10. When a friendly conversation with acquaintances turns to law, you secretly begin to think about how much you could be charging this person. But then you reconsider, and get a warm feeling that you're simply doing it pro bono.

11. If nothing else, your law school education has given you plenty of fodder for the sitcom about lawyers that you're writing, and plan to sell to major television networks!

Friday, April 22, 2005

Like dinner


Thursday, April 21, 2005

Say it ain't soeth

I recommend that when studying for a Legal Institutions exam you don't have your TV tuned to Question Period from the House of Commons. Reading about the functionality of the legislative and executive branches of the country seems to take on an unintended ironic twist in light of reality. It's like watching the pointless bickering of the Apprentice's boardroom scenes, only without the ability to see someone get fired. (Hair quality? About the same.)

CBC is also asking people what they want to hear from Paul Martin when he takes to the airwaves tonight (mercifully not during The O.C.) I'm expecting the man to weigh in on such heavy matters as, what is Julie Cooper going to do with that gun? Is Caleb in danger? And what songs will Death Cab play when they take the stage at the Bait Shop? (I predict something off of The Photo Album.) Sponsorship scandal? The real scandal, fellow Canadians, is Ryan toying with Marissa's heart so!

Alright, enough talk of oversexed teens. Check out Rolling Stone's latest interview with Rivers Cuomo of Weezer, and perhaps the most embarrassing headline of the magazine's history. Also notable, Rivers and I apparently wrote a similar essay about Angelo from Shakespeare's Measure for Measure for our English classes. Methinks plagiarism's afoot!

Post O.C. Update: 3 DC4C songs, only 1 from Photo Album. My bad. But I do love how Bloc Party was the choice of the evil party DJ.

Wednesday, April 20, 2005

Thus making England Dagobagh

The Property beast is slain. Let us never speak of it again. I just hope it's not pulling one of those famous false crisis/false dawn acts common to movie screen villains.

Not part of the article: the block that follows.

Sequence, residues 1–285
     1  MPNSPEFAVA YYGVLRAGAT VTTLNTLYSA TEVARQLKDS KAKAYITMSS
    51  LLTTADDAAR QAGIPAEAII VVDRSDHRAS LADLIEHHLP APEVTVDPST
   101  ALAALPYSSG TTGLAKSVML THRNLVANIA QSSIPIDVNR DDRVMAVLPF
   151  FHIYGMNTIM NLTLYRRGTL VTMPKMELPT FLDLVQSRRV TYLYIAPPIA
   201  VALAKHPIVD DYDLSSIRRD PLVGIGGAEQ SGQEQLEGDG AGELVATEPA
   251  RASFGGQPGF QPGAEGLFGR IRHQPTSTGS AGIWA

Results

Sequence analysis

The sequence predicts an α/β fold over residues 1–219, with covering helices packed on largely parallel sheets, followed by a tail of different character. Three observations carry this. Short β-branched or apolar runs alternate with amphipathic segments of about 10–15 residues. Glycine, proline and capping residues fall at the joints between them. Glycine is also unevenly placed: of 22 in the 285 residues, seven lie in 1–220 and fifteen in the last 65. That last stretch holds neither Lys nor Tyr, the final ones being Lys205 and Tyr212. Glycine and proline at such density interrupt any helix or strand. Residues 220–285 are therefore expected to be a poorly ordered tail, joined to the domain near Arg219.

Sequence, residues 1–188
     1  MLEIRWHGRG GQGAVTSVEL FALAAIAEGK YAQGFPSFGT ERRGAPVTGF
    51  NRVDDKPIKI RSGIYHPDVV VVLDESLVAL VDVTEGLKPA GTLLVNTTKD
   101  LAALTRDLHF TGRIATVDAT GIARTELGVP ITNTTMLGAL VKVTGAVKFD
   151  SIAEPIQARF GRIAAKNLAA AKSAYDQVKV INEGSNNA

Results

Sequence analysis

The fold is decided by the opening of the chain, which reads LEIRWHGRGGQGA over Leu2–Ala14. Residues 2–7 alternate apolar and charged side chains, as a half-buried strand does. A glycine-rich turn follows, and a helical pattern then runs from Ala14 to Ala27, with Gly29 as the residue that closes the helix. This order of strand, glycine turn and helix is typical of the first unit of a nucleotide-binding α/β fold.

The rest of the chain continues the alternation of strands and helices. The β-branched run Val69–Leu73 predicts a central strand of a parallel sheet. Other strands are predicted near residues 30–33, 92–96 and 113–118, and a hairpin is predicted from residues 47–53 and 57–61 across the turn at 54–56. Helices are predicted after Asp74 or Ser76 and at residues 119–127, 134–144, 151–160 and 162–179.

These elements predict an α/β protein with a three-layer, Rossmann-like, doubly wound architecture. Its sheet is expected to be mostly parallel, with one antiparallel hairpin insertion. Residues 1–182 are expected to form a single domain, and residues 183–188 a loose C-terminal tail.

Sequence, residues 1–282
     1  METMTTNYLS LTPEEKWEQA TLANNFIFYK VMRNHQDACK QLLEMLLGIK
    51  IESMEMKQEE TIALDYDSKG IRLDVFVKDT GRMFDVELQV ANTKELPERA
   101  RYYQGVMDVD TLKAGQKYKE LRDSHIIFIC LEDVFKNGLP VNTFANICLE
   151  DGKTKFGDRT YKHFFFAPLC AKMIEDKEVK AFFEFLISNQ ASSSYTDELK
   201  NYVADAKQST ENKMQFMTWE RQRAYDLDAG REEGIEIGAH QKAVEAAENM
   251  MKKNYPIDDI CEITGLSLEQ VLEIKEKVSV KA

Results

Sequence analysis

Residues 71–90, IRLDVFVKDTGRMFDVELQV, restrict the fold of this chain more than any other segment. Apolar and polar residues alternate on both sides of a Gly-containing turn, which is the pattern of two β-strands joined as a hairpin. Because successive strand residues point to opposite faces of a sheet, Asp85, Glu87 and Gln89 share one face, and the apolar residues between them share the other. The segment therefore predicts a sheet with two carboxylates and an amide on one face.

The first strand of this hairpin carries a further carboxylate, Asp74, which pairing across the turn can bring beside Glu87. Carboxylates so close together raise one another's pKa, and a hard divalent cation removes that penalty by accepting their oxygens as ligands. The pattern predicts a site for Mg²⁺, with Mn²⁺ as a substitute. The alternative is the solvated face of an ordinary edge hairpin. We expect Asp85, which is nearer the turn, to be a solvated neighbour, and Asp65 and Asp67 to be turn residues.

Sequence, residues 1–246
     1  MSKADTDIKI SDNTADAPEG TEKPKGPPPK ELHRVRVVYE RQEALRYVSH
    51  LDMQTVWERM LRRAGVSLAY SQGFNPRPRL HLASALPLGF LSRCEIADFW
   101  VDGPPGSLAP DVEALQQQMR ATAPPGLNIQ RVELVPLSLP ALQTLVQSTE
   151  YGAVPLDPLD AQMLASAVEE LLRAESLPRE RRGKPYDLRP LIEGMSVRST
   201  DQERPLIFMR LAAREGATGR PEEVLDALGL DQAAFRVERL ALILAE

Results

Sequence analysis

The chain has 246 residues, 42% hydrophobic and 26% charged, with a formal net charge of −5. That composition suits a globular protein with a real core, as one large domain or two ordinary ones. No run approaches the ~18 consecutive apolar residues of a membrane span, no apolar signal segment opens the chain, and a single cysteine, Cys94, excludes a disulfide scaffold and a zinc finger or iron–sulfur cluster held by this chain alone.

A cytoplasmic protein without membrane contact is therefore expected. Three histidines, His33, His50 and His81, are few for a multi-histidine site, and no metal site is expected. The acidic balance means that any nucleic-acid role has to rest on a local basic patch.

Anyway, one exam left, but I'm going to take a much needed break from even thinking about tests for now. On that note, a lot of new music has found it's way onto my computer lately (completely legitimately, of course) worth mentioning.

This new White Stripes song "Blue Orchid" is pretty good - Jack is definitely turned up to eleven on that one. I hear word that this new album, Get Behind Me Satan, is supposed to be better than Elephant. That's a mighty claim, as that album was full of ass-kickery. Anyway, it's times like this when I miss my electric guitar gathering dust back in Calgary, so I can pick it up and do bad approximations of Stripes songs. Patience, Ruby, I'm home soon.

From across the pond, this new Gorillaz album, Demon Days, is actually quite good. By all accounts their little cartoon gimmick should have been tired by now, but somehow it works. The album really sounds a lot like the last Blur album, the excellent Think Tank, only with a lot more bass and Funky Homosapiens. Highlights are "DARE" and "Dirty Harry," proving that although sequels in the film world rarely work, in music they're not so cursed.

As for another British band, I have less faith in Oasis' upcoming album. The band has been stuck in a rut lately, that kind where you suck musically. Still consistent, however, are Noel Gallagher's precious rantings. I recall a few years back when he said that all music reviews were such airy, fairy concoctions that the screenwriters of the Lord of the Rings films did nothing more than paste several of them together. (Yes, that's dumb for several obvious reasons.) Well just recently, in keeping with his classic cinematic mixed metaphors, he compared the United States to the Death Star.

And I suppose destroying that star would cause some sort of champagne supernova? Nice try Noel, I'm not walking into that one.

Monday, April 18, 2005

Werewolves are partial to poetry readings

Tonight's episode of the Jack Bauer Power Hour was noticeably missing a disclaimer. No, not the same one presented by Kiefer Sutherland that acknowledged the grossly stereotypical view of Muslims on the show. Rather, tonight's episode would have benefited from a similarly Kieferized statement that lawyers, in real life, are not as evil as portrayed in the show. (Stay with me here).